Paul McGinley settles into Ryder Cup role

Rory McIlroy
Rory McIlroy

Paul McGinley felt the love of players and fans alike on his first full day as Europe’s new Ryder Cup captain.

And it didn’t take long for him to be reminded of the size and scope of the job he was taking on as messages of congratulations came in from around the world.

Closer to home - or rather closer to him in Abu Dhabi - came words of support from Colin Montgomerie, the 2010 captain who in the final days before the decision was taken had become his biggest rival for the task of taking on Tom Watson’s America at Gleneagles next year.

“We’ll all get behind Paul now - we wish him well,” said Montgomerie, who thinks the only chance of him captaining the side again after this is if “I do a Tom Watson” and is called upon in his sixties after a string of defeats. The same words kept coming up from all those delighted by 46-year-old McGinley becoming the first Irish captain in the history of the event.

Graeme McDowell, the 2010 match-winner, said most of them in his message - “thoughtful, articulate, prepared, motivated, fair and respected”.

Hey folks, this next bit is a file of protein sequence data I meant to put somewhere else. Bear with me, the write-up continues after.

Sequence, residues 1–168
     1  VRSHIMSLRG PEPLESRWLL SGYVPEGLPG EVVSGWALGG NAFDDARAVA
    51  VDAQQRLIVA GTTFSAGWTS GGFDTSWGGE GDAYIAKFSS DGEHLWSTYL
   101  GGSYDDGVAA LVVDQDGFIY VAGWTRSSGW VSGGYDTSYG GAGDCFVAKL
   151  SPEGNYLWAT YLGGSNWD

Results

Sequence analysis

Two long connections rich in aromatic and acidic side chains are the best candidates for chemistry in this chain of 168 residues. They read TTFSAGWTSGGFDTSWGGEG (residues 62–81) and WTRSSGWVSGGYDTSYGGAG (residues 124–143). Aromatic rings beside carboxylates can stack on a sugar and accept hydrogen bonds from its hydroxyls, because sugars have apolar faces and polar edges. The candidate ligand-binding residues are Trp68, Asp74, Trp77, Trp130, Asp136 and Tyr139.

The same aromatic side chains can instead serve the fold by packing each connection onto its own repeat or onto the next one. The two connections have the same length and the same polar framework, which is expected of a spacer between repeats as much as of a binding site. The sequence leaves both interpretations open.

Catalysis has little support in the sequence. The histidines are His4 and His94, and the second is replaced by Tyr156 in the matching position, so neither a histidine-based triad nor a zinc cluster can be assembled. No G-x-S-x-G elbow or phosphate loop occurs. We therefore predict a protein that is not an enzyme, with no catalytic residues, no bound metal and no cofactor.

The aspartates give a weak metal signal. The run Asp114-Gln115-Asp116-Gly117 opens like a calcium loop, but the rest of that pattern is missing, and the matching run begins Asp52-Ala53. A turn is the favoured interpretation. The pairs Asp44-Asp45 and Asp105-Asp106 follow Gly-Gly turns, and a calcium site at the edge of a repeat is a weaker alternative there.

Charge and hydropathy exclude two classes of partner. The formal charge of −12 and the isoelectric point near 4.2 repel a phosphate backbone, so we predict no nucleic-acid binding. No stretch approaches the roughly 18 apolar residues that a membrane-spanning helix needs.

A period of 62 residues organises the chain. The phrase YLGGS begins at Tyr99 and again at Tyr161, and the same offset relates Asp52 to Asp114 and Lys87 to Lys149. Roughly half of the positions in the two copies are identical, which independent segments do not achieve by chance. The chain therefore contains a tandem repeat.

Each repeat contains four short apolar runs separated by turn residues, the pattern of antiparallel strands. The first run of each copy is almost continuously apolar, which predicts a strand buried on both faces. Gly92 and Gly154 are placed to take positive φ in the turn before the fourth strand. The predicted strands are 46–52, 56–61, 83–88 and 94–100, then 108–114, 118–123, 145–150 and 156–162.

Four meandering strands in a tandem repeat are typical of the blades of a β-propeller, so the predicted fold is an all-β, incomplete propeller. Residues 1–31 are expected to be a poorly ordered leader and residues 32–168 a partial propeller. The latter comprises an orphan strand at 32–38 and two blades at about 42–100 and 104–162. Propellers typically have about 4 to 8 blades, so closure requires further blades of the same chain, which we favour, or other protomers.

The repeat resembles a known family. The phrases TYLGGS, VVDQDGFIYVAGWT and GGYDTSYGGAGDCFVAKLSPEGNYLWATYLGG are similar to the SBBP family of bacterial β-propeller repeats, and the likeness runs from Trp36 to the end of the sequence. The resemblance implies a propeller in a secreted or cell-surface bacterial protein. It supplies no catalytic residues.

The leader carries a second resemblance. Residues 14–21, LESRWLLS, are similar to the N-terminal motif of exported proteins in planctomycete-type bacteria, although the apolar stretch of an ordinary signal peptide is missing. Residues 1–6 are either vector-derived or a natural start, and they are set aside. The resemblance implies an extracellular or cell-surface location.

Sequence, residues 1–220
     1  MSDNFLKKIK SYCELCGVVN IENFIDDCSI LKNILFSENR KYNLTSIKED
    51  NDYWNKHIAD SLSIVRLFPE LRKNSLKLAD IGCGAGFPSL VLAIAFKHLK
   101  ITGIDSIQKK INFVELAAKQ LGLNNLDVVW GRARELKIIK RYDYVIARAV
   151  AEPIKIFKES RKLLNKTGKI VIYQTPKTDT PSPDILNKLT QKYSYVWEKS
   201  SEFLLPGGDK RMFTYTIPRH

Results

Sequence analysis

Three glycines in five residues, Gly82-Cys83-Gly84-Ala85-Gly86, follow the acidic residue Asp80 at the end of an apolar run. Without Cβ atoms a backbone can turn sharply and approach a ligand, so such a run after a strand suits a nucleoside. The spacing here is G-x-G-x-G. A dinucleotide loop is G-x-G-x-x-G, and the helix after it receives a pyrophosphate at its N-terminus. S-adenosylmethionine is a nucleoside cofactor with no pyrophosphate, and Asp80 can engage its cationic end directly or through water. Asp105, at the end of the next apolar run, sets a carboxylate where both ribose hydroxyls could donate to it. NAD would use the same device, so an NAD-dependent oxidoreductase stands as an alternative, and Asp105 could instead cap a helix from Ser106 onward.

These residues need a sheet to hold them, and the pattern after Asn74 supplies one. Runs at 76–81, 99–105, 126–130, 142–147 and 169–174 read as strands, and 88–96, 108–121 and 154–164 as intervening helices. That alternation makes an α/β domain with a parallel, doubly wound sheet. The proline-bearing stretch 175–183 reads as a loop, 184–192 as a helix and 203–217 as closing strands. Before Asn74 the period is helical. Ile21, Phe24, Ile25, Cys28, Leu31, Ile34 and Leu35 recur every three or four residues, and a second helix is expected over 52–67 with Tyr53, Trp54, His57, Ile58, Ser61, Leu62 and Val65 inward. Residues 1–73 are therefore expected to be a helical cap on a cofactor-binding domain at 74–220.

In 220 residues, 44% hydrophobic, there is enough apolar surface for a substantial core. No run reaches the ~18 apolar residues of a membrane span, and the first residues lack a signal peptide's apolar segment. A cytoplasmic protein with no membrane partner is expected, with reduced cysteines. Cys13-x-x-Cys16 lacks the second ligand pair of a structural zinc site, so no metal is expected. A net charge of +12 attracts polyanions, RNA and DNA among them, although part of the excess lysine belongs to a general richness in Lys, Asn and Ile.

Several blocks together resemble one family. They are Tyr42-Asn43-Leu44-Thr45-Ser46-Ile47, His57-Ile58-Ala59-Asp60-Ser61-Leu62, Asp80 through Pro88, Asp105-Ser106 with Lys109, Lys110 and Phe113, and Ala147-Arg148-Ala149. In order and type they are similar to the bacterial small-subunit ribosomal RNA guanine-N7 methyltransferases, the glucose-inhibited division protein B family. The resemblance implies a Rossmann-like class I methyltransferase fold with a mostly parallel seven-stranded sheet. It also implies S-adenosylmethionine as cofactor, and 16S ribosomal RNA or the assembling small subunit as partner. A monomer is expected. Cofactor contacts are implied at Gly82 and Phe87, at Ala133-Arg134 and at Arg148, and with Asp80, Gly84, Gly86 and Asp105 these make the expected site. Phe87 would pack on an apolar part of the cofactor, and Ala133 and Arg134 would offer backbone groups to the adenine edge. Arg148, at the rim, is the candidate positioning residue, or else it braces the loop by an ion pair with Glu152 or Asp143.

So prepared, in fact, that McGinley had even thought about how best to react if he had been informed he had not been appointed.

“I had notes in my pocket about how I was going to project myself and what I was going to do,” said the man whose 10-foot putt at The Belfry won the 2002 contest and who has never lost in nine Ryder Cup or Seve Trophy matches as a player, vice-captain or captain.

“I assured George and Richard (European Tour chief executive George O’Grady and Ryder Cup director Richard Hills) that I would act with integrity expected by the Tour.”

McGinley does not attempt to disguise the fact that he does not come remotely close to Watson in what they have achieved.

The 63-year-old American has twice as many majors - eight, including five Opens, four of them in Scotland - as the Dubliner has tournament wins.

Even Rory McIlroy calls it a “David and Goliath” situation, but McGinley agreed with the way Padraig Harrington put it.

“Why try to compete against Tom Watson? We don’t have anybody of that stature - the only man who could compete against Watson is unfortunately no longer with us and that’s Seve (Ballesteros),” said Harrington.